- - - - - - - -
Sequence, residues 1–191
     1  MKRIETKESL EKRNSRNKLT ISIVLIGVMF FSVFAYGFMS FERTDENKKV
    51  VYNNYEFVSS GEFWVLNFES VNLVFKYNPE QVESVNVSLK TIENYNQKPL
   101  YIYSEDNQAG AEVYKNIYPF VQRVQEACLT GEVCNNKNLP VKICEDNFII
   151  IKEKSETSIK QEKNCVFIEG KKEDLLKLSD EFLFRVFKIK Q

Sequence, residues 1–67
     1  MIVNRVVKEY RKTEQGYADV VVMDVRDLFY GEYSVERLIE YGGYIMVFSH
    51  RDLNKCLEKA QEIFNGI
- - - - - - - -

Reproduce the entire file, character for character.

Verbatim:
Sequence, residues 1–191
     1  MKRIETKESL EKRNSRNKLT ISIVLIGVMF FSVFAYGFMS FERTDENKKV
    51  VYNNYEFVSS GEFWVLNFES VNLVFKYNPE QVESVNVSLK TIENYNQKPL
   101  YIYSEDNQAG AEVYKNIYPF VQRVQEACLT GEVCNNKNLP VKICEDNFII
   151  IKEKSETSIK QEKNCVFIEG KKEDLLKLSD EFLFRVFKIK Q

Sequence, residues 1–67
     1  MIVNRVVKEY RKTEQGYADV VVMDVRDLFY GEYSVERLIE YGGYIMVFSH
    51  RDLNKCLEKA QEIFNGI